I don’t know what actions persons affiliated with ET took before “going public.” So I won’t accuse anyone of having violated Matthew 18 on that issue; I just don’t know, and it’s really none of my business.
That being said, I agree that there should be transparency at LSU and every other SDA college; unfortunately, there is just no way to go back in time and observe exactly what the professor(s) said in lecture, so it is difficult for a non-participant to cast judgment. There will always be some uncertainty about what the professor actually said, versus what he/she claims to have said, versus what a student understood, etc. Oh, to have Urim and Thummim! It cannot go beyond the he said/she said fingerpointing, and it isn’t right for people to lose their jobs over fingerpointing. So while transparency is a nice ideal, I don’t see how it could actually happen.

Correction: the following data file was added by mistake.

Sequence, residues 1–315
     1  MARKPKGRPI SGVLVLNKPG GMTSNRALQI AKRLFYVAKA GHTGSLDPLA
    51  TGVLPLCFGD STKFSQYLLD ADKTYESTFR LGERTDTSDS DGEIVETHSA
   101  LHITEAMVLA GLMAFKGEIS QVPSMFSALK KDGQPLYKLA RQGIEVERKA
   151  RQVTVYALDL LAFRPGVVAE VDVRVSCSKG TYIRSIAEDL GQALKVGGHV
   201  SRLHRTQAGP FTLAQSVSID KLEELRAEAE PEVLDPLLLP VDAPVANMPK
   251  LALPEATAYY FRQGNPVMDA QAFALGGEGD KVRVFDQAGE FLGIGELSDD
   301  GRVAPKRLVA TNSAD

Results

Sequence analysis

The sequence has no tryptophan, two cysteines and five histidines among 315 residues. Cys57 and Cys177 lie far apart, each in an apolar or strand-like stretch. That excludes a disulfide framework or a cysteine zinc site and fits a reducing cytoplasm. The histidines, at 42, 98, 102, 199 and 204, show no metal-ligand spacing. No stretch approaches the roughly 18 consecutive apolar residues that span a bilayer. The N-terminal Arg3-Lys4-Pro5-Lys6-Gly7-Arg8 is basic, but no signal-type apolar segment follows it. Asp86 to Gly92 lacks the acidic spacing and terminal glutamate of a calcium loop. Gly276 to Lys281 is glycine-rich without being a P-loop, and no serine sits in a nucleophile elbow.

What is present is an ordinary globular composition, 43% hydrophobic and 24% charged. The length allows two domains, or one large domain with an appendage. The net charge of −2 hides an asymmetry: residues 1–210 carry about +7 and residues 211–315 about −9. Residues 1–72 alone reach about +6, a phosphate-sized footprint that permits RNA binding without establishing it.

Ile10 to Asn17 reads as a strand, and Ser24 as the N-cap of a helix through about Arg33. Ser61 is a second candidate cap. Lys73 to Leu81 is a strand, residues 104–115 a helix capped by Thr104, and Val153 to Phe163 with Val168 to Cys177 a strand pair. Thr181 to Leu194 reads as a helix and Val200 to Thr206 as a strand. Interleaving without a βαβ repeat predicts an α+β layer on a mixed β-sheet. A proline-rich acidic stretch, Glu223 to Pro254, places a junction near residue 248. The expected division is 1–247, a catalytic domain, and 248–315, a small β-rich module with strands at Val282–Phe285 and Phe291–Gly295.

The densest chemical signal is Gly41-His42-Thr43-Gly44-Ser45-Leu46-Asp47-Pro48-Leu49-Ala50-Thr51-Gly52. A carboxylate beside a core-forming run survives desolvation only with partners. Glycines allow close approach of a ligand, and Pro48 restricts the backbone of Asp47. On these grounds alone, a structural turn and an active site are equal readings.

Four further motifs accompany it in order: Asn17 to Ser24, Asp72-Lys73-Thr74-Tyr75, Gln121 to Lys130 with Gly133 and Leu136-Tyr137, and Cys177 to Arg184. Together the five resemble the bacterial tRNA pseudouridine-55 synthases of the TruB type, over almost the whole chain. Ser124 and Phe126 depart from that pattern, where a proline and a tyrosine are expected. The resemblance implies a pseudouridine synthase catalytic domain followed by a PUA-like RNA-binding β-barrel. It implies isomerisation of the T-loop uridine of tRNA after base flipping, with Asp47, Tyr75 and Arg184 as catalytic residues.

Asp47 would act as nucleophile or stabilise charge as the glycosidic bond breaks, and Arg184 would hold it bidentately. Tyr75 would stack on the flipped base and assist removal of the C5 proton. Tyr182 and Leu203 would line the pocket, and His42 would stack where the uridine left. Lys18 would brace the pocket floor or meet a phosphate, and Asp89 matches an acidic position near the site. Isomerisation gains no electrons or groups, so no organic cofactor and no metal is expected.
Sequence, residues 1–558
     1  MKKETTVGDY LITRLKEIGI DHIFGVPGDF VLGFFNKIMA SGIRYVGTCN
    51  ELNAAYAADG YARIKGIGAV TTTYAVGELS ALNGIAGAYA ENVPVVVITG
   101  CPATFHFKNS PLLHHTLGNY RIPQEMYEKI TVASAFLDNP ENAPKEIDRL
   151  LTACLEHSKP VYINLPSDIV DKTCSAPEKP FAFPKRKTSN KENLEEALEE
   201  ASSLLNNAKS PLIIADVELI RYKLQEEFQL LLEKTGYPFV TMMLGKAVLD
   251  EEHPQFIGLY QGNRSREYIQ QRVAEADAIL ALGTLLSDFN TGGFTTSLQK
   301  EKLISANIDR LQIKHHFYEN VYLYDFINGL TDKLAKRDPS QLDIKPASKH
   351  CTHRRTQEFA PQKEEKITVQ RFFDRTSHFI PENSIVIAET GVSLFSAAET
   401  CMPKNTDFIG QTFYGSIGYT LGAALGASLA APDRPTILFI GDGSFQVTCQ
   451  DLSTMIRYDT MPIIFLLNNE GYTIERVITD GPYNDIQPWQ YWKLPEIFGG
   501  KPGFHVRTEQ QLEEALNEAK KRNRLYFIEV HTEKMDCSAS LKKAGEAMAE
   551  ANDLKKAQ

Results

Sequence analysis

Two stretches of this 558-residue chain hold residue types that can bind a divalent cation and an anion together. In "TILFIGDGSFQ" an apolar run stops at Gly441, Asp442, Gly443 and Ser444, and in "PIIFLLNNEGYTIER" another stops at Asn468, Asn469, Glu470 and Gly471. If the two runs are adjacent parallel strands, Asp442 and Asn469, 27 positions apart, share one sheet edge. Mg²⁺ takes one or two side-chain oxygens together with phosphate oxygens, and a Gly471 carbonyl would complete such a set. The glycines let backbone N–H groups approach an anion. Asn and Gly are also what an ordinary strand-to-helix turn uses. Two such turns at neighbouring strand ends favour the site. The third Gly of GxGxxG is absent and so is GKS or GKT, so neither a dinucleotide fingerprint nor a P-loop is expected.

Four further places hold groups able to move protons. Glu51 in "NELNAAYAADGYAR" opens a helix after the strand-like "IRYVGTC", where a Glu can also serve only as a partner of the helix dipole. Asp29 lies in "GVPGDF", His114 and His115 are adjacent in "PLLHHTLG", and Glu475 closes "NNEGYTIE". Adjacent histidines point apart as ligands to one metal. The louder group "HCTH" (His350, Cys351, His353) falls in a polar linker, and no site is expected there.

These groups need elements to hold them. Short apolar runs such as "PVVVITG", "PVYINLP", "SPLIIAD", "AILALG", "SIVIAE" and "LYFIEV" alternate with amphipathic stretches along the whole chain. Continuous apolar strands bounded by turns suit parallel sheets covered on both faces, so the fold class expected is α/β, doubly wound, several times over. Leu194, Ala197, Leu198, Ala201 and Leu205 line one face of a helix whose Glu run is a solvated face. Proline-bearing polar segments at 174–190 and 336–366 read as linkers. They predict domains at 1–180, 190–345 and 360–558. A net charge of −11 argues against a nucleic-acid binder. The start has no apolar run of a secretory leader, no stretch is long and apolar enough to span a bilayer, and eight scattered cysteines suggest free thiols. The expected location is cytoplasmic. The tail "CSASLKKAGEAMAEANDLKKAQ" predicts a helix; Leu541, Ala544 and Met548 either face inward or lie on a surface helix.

Since Doug Batchelor’s sermon is recorded and distributed on the internet, it is possible for individuals to view it and judge for themselves. I think the SECC went after Doug Batchelor’s sermon because 1) while a classroom lecture is heard only by the students present, the sermon is viewed by thousands of Adventists and non-Adventists alike; 2) many of Batchelor’s viewers are within SECC territory; and 3) unlike a classroom lecture, we can all be certain of exactly what Batchelor said, even those of us who were not physically present when he said it. There are many who will ignore Batchelor’s sarcastic insults and hear only the conclusion that women should not be ordained as pastors, but I heard the insults and I was offended by them. I’ve heard the arguments for and against women’s ordination, but never have I heard them presented with such disdain for 50% of God’s precious children.
Every Christian has a responsibility to defend the defenseless, to combat hatred and injustice. So while you may feel that SECC has yet to properly address the issue at LSU, I applaud their action against Batchelor’s sermon.